Unfortunately, this year, they started to blossom a bit early, and a seasonal frost has come along this week: snow, sleet, freezing, and basically all those wintry things that harm delicate plant parts, all literally days before the projected Peak Bloom. This year the blossom-viewing will probably not be so spectacular.

The experts say it’s not a total disaster yet, but a lot can still happen between now and the end of frost danger. I’m very sad about the whole thing. Earth is fragile systems, and this is one of my favorites.

Pictured, above & below: cherry blossoms in southwest Baltimore thawing after a mild blizzard.

But a Mast

“Your house shall be not an anchor but a mast.” —Khalil Gibran

One of the side effects of working for yourself is that—much as a gardener’s activities are dependent on the weather and a retail shop’s activities vary by the volume of customers—sometimes your activities and focus need to change based on external circumstances. For example, if you get a lot of work at once, both from new client relationships that require attention in order to set good expectations and from valued long-term clients.

But that’s enough about work for now. I’m sure I’ll be writing much more in the near future about it. I’m just bringing it up now because this all happened in the past couple of weeks; as such, part two of What Lead Us Here is still under development.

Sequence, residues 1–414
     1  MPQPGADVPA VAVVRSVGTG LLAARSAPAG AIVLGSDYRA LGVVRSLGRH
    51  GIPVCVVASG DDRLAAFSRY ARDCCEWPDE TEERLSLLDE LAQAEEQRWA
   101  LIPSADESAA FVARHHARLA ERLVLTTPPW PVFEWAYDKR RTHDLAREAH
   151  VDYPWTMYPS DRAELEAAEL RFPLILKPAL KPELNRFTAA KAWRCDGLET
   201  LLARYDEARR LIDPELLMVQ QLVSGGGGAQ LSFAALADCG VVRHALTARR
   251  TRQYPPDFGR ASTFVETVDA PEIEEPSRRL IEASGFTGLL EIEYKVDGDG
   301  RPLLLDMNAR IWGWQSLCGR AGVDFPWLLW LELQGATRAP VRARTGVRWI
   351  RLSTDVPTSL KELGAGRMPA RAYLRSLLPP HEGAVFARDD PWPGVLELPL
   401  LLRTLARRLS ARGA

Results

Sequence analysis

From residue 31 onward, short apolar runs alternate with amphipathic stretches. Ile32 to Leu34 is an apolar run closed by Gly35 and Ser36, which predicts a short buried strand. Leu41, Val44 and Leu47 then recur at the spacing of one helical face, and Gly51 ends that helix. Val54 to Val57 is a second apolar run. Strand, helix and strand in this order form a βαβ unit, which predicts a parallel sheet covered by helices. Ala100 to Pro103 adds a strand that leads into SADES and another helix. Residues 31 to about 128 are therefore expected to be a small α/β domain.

Meanwhile, there have been other humble but positive developments in our small part of the world.

Two wheeled plastic trash cans sit on a small brick patio.

Some of the many spare bricks in the backyard have gone to construct a mini-patio to place our trash cans and make the back corner a little classier. We’ll see how the bricks look after a few months and some rainfall, but it seems stable so far.

Meanwhile, my housemates and neighbors are coming together to combine our backyards for raised beds and rain gardening. We recently removed a picket fence inconveniently splitting the sunniest part in half, and donated it to our local community garden. One of our mothers (God Bless Mothers!) is a landscaper, and she’s giving us quite a few native plants. Someone from a local Baltimore clean water organization is also coming by in a couple weeks to give us a rainwater assessment. I can’t speak for my housemates or neighbors, but I’m very hopeful that growing most of our own food next season is in the realm of possibility.

The root ball of a small cedar sits in a hole being watered.

The conifers are mostly gone—at this point there are only two left in the ground, just waiting for a new home. In the meantime we’re taking care of them. They’ve been mostly dug out so that the roots get used to being in a ball instead of having all the ground through which to spread, and we keep them watered so the root ball doesn’t dry out.

A branch of roses beside a brick wall.

It isn’t all gardening, of course. There’s been a lot of homemaking, shared cooking, and dreaming as we figure out how we all want to move forward, both in the backyard, in our new community, and in our own lives. I just have more photos of the garden than anything else. :) It’s also a little hard for me to capture in photos the ongoing development of domesticity and a nurturing, shared environment that supports everyone’s work and aspirations … unless screenshots of our long email chains or shared spreadsheets count.

“Your house shall be not an anchor but a mast.” —Khalil Gibran

A white pillow on a curved couch in a bay window.